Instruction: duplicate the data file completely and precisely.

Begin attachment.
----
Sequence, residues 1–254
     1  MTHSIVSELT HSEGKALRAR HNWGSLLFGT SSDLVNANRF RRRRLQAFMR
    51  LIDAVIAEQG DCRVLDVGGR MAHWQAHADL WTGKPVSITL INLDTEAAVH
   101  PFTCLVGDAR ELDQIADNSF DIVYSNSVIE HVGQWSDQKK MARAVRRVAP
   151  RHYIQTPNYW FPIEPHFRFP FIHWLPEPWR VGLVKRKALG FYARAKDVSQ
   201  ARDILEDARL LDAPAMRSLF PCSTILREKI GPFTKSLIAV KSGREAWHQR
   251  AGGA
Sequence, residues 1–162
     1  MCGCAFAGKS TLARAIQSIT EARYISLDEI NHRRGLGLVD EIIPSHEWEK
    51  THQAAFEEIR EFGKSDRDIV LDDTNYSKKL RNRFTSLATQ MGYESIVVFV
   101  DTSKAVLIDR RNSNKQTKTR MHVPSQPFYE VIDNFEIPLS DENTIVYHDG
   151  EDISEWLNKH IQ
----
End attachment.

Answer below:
Sequence, residues 1–254
     1  MTHSIVSELT HSEGKALRAR HNWGSLLFGT SSDLVNANRF RRRRLQAFMR
    51  LIDAVIAEQG DCRVLDVGGR MAHWQAHADL WTGKPVSITL INLDTEAAVH
   101  PFTCLVGDAR ELDQIADNSF DIVYSNSVIE HVGQWSDQKK MARAVRRVAP
   151  RHYIQTPNYW FPIEPHFRFP FIHWLPEPWR VGLVKRKALG FYARAKDVSQ
   201  ARDILEDARL LDAPAMRSLF PCSTILREKI GPFTKSLIAV KSGREAWHQR
   251  AGGA
Sequence, residues 1–162
     1  MCGCAFAGKS TLARAIQSIT EARYISLDEI NHRRGLGLVD EIIPSHEWEK
    51  THQAAFEEIR EFGKSDRDIV LDDTNYSKKL RNRFTSLATQ MGYESIVVFV
   101  DTSKAVLIDR RNSNKQTKTR MHVPSQPFYE VIDNFEIPLS DENTIVYHDG
   151  EDISEWLNKH IQ